This is the last post in my ‘hashtag-three-years-a-travel-blogger‘ series,…only because ever so often I see things that get smoke emitting from my nostrils and ears..in a silent fit of rage, so..how fair and balanced would I be, if I didn’t slide in my top travel-circles related pet peeves?
1) Social-media smooth criminals;
Excuse me if I’ve said this before. In the travel blogging world, having a fat following is key to having advertisers lining up at your doorstep and you smiling all the way to the bank. After all, apart from following your passion writing and traveling, a huge reason for your intense focus, rigorous editing and expeditious posting is to earn moulah and be a digital hopscotch-er.
Getting folks to follow your brand and being a recognized online influencer is darn hard; one either has to be hilariously interesting, drop dead gorgeous, weird or wacky, a celebrity, hated and loved in the same measure, or someone who has mastery of their niche in ways no one else can. The competition on these streets is real, people. I’m cool with Facebook, twitter, LinkedIn or even Pinterest. What makes me blue and hopping mad is the folk on instagram; the idjits who follow just to unfollow. The ones who think algorithms and engagement are a ton of crap and try to bypass them by falsely gaining a following by follow-unfollow tactics. That’s just lame.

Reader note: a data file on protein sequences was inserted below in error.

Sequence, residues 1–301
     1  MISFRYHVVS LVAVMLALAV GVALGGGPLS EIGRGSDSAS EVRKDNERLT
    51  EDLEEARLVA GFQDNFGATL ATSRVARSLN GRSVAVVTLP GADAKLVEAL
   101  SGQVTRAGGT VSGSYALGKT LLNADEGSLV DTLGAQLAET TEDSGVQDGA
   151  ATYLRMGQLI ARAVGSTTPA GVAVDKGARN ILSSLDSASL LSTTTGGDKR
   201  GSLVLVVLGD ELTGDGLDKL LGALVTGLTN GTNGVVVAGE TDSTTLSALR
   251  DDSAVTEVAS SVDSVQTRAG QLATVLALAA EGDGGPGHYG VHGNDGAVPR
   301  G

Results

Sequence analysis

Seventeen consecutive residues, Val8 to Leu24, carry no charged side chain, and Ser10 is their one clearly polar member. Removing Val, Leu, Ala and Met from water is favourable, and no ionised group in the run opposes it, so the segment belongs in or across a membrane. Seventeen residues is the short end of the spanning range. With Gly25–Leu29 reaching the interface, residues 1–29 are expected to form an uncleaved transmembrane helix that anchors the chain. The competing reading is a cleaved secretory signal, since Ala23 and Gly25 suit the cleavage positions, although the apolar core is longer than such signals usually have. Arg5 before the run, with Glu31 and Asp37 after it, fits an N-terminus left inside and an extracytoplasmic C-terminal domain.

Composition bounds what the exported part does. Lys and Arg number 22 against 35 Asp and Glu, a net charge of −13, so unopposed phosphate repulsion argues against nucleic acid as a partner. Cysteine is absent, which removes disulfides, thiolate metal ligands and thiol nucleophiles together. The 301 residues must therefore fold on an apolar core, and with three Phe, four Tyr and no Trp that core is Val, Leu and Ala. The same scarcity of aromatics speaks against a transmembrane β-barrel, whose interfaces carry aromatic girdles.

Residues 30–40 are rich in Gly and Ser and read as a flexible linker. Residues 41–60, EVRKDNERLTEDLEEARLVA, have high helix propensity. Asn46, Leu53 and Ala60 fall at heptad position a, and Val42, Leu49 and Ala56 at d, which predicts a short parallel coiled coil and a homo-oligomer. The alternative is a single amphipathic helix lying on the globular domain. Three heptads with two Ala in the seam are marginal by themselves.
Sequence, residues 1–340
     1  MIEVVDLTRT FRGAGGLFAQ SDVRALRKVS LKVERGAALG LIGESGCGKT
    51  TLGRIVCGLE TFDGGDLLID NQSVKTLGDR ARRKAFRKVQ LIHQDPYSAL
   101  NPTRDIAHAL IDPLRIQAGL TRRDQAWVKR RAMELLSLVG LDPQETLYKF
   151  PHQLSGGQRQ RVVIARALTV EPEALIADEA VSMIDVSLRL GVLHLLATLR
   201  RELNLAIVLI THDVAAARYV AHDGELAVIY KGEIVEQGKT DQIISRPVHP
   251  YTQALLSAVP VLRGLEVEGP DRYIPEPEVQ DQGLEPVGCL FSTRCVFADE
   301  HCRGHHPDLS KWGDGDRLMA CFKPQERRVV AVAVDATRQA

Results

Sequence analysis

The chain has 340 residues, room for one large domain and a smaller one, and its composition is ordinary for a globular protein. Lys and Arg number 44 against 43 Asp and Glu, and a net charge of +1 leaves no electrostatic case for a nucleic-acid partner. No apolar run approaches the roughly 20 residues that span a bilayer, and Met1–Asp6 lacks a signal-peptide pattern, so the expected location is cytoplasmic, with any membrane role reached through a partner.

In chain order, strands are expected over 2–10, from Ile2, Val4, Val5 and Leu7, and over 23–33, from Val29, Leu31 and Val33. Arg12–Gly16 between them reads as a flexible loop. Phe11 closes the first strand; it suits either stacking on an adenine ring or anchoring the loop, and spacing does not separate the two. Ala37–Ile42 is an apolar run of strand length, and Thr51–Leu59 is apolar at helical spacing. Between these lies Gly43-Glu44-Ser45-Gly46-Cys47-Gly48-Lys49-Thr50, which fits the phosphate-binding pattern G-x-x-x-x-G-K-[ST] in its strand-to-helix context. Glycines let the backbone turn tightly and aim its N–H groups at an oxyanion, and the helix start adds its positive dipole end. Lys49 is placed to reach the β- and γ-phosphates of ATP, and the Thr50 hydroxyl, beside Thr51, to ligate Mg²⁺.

2) Copy-cats: I get it. We all love a little inspiration. However, it’s one thing to be inspired, it’s quite unnerving and maddening to straight out copy other bloggers. That’s akin to plagiarism. If you do it once, we may give you a pass, but if you copy every single thing someone else is doing and even adopt their style and voice? Guess what..the world is watching you morph into a combination of a troll and stalker. Yikes. You may not know it but you’re depriving your followers that authentic voice they are familiar with, you are abandoning the activism you would do within these circles in favour of shadowing someone else. Imitation may be the best form of flattery but stalk mode is downright creepy. Please stop!